I am just appalled. And saddened. And scared. People think that our children are not phased by this stuff; that they know the difference between right and wrong and that playing "harmless" video games won't skew their perceptions of reality in any way at all. What? Anyone with half a brain can look at the day to day life of their child and see that everything they experience, everything they witness, everything that has any sort of sensory affect does play a vital role in how they act, what they think and who they are. It doesn't take a psychologist to recognize the nature of a human being. Especially a child. Children are like sponges; they soak up everything that goes on around them, especially if it immediately affects them in even the smallest ways. I imagine it takes a very grounded child to not be sucked into all the hype of video games and the excitement they provide as one chills out with friends and forgets their hard day at school.
But where are these grounded children? I haven't seen any lately. Everywhere I look, kids are sitting around with iPod's in their ears and their eyes are glued to a hand-held video game or laptop. And I have to ask myself, what happened to good old fashioned hop scotch? Okay, maybe not hopscotch. But seriously, people [kids], where are your parents? Do they know you've been out selling your soul to the devil and killing infants in the street? Do they even suspect that you could be the one who blew up the building downtown?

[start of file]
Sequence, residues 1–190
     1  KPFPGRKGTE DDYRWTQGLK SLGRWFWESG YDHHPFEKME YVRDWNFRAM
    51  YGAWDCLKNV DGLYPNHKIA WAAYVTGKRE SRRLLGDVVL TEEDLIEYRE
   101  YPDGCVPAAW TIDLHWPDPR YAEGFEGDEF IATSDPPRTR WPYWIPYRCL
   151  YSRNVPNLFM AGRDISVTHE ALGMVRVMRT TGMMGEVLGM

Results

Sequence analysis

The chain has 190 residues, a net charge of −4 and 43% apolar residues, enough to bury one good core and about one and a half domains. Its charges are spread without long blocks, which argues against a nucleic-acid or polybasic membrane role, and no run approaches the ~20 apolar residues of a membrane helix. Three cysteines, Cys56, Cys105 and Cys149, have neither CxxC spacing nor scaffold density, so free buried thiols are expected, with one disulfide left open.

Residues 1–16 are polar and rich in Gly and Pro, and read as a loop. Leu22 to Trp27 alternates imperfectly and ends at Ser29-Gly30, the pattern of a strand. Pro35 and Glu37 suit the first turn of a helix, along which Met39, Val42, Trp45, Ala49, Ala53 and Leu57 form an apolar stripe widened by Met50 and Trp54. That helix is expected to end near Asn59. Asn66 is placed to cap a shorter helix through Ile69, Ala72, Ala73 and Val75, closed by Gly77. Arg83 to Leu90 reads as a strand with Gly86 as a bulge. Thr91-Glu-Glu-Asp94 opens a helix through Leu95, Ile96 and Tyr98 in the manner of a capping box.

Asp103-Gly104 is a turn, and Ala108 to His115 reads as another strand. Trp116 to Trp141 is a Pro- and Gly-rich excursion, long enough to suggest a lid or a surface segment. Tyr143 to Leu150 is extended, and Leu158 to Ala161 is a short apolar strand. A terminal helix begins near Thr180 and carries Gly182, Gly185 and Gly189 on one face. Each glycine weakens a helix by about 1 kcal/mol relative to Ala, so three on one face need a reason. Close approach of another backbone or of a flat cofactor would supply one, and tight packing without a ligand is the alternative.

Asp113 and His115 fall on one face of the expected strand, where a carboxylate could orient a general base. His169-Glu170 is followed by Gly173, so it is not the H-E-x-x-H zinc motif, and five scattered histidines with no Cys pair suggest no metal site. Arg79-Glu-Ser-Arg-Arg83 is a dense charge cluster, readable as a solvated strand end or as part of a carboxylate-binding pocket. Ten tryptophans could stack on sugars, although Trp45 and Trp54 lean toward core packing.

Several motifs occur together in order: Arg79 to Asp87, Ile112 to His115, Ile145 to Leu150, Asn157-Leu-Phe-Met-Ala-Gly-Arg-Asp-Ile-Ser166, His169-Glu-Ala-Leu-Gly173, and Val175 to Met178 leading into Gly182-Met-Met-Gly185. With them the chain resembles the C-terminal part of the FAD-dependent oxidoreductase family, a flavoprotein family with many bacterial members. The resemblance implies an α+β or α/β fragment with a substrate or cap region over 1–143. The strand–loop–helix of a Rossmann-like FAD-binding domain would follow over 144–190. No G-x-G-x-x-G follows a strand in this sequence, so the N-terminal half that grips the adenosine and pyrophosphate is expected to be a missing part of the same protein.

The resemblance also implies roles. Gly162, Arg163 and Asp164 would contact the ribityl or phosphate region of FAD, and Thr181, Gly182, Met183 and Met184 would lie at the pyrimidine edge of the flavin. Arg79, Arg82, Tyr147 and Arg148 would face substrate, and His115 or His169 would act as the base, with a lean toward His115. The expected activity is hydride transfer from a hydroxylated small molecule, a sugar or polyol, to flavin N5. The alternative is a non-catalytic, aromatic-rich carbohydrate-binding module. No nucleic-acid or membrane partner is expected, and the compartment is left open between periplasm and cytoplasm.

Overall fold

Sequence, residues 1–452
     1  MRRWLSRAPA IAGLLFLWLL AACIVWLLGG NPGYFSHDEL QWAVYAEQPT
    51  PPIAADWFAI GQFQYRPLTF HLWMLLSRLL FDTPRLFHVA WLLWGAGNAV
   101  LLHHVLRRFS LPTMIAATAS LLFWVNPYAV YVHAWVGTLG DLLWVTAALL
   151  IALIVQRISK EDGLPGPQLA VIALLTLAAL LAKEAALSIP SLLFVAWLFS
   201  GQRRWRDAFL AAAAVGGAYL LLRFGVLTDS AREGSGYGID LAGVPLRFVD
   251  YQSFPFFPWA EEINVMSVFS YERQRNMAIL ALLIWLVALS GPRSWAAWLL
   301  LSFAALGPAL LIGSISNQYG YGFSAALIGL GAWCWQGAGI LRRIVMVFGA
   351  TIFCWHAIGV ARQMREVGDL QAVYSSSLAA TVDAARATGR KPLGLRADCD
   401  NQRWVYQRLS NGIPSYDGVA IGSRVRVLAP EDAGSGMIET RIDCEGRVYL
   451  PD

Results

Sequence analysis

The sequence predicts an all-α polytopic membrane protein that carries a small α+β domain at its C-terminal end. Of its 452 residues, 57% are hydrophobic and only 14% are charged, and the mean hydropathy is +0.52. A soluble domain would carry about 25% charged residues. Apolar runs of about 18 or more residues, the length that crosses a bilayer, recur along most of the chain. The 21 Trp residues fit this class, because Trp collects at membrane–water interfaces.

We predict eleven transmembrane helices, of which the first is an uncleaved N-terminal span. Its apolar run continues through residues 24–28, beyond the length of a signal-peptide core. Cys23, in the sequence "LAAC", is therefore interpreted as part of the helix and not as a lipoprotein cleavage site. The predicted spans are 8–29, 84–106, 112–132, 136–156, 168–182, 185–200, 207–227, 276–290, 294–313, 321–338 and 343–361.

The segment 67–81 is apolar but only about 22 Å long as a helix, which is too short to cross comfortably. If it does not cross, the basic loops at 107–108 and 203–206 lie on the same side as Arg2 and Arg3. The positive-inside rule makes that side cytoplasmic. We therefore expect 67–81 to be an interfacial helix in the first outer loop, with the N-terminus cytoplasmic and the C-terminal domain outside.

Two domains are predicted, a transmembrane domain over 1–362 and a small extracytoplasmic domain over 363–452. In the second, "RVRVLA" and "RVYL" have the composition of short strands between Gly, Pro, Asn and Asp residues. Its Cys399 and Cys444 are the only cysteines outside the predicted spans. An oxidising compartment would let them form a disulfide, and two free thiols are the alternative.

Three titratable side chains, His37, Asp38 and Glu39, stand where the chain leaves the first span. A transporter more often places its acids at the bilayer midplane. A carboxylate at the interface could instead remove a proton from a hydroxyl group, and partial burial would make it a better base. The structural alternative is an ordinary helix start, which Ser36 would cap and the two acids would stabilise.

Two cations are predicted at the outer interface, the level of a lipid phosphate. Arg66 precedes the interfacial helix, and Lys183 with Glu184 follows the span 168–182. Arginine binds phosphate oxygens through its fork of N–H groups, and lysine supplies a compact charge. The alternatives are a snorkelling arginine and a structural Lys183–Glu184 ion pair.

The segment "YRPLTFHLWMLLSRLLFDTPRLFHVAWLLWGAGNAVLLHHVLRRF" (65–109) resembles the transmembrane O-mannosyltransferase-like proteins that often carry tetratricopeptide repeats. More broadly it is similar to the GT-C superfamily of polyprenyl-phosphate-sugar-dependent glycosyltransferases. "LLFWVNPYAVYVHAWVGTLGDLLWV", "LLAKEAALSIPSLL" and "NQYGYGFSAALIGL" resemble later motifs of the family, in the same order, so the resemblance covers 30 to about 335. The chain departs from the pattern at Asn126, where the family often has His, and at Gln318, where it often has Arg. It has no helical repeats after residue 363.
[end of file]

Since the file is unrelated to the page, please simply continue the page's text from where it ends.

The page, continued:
This survey by Harris Interactive from 2007 shows that the average child 8-12 plays a staggering 13 hours of video games per week. Thirteen! I'm sorry, did I already ask you where your parents are? Facebook alone has Petville, Farmville and any other -ville you can think of! And in reality, the buck doesn't really stop at video/computer games. The harsh reality is that all types of media, from television to video games to the Internet, have lowered the standards for the range of content they portray; and that my friends is what we are losing the battle to. This article also from two years ago shows the statistics that should feed the concern of any momma. I know they concern this one! It also shows numbers which, in my opinion, are way too high for us to ignore. That was two whole years ago, and with the explosion of new video games and even the shows on television with their questionable content in the past year alone, I'm sure the numbers have largely increased since.
My thoughts drift back to my pet in Petville. This afternoon when I got on Facebook to check my messages and see what's going on (appeasing the nosiness I can't help but feel as soon as I sign on which makes me sit and read every last one of the recent updates in the Live Feed), I wandered over to Petville to check on my pet. I got a message saying my pet, lovingly named Dibbles, had wandered off and was caught by the Petville Pound, and I had to pay a fee of 1186 coins and make sure I fed and bathed her. "Of course I will," I shout at the computer screen. Anything for you, Dibbles!
Anything for you!
Thank God that before I could continue on the routine of visiting my Petville neighbors and cleaning their houses, I had to go feed the baby. (I do have a real baby who needs feeding, I swear!) I am aware of this humongous flaw in my personality, which tends to lean on the addictive side these days. Am I to pass this on to my children? Is it a learned behavior? Is it something I can teach them now to avoid later? For now, I'm just trying not to visit Petville so much and not let it take up so much of my time - precious time in which I could be doing so many other productive things that have value in this reality. Maybe I'll get back on in a day or so to feed Dibbles and clean her house. Until then, if you have a pet on Petville, maybe you can be my neighbor! Then again, maybe not.